“Through the fourth step, the claimant carries the burdens of production and persuasion, but if the analysis proceeds to the fifth step, there is a limited shift in the burden of proof and the Commissioner is obligated to demonstrate that jobs exist in the national or local economies that the claimant can perform given [her] residual functional capacity.” Gonzalez ex rel. Guzman v. Dep't of Health and Human Serv., 360 Fed.Appx. 240, 243 (2d Cir. 2010) (citing 68 Fed. Reg. 51155 (Aug. 26, 2003)); Poupore v. Astrue, 566 F.3d 303, 306 (2d Cir. 2009) (per curiam)). “Residual functional capacity” (“RFC”) is what a person is still capable of doing despite limitations resulting from her physical and mental impairments. See 20 C.F.R. §§404.1545(a) (1), 416.945(a)(1).

         “In assessing disability, factors to be considered are (1) the objective medical facts; (2) diagnoses or medical opinions based on such facts; (3) subjective evidence of pain or disability testified to by the claimant or others; and (4) the claimant's educational background, age, and work experience.” Bastien v. Califano, 572 F.2d 908, 912 (2d Cir. 1978). “[E]ligibility for benefits is to be determined in light of the fact that the Social Security Act is a remedial statute to be broadly construed and liberally applied.” Id. (citation and internal quotation marks omitted).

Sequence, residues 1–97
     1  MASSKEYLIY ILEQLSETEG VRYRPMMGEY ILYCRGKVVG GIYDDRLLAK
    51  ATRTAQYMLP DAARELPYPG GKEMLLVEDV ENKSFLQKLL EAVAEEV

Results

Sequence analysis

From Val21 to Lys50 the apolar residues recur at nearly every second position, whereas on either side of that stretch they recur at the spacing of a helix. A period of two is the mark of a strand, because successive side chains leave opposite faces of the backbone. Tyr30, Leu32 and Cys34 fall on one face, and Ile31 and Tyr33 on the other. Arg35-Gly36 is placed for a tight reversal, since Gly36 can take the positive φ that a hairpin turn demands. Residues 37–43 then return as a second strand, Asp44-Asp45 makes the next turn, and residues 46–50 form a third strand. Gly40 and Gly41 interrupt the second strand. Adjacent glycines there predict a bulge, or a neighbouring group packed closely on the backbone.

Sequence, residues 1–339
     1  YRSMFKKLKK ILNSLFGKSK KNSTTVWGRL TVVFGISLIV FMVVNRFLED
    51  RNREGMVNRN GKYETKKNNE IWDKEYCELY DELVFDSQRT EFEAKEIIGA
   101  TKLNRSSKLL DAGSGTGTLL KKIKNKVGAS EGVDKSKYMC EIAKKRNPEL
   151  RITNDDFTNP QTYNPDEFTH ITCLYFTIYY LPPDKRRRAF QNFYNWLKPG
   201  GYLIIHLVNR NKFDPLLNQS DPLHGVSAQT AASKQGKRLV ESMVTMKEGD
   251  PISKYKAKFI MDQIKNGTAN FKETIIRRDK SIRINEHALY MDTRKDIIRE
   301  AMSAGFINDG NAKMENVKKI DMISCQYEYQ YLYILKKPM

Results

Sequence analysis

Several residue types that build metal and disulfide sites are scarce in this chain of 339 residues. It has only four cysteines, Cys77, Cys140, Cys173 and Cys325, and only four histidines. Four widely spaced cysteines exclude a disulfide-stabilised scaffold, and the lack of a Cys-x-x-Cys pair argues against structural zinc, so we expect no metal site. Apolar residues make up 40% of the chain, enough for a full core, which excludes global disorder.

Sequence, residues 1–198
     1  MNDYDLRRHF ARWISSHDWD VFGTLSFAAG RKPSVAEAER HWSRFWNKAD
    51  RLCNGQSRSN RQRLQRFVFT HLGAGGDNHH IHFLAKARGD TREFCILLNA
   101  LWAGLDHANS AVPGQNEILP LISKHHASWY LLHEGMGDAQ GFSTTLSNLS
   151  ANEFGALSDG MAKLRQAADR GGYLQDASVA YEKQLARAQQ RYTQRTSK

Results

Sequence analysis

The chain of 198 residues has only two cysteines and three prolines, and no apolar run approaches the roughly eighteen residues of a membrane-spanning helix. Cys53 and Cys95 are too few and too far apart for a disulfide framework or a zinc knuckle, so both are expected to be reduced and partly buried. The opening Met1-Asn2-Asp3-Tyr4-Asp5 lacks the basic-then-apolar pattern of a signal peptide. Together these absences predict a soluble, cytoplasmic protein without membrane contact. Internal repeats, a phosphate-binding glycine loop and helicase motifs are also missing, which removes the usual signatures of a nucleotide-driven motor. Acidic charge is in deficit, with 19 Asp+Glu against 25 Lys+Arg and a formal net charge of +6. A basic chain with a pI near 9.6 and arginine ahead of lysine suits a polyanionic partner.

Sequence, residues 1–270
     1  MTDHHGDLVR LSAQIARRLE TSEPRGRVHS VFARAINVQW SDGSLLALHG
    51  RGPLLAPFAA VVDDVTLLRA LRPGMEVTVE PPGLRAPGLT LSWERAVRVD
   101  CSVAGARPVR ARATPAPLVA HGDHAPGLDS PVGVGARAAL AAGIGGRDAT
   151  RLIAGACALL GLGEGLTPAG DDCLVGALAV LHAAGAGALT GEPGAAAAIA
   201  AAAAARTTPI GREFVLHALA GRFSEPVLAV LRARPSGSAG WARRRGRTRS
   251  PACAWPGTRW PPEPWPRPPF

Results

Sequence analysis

Following the above-described five-step evaluation process, ALJ Horton concluded that plaintiff was not disabled under the Act. See Tr. 25. First, the ALJ determined that plaintiff “meets the insured status requirements of the Social Security Act through September 30, 2012.” Tr. 18. The ALJ then turned to Step One of the evaluation process and found that plaintiff had “not engaged in substantial gainful activity since December 31, 2010, the alleged onset date[.] ” Id.

         At Step Two, the ALJ found that the plaintiff had two severe impairments, “anxiety and a non-specified affective disorder[.]” Id. The ALJ considered plaintiff's “history of poly-substance abuse[, ]” “brief and sporadic treatment for wrist, knee and back pain[, ]” and alleged Post-Traumatic Stress Disorder (“PTSD”), but found they were not severe impairments. Tr. 18-19.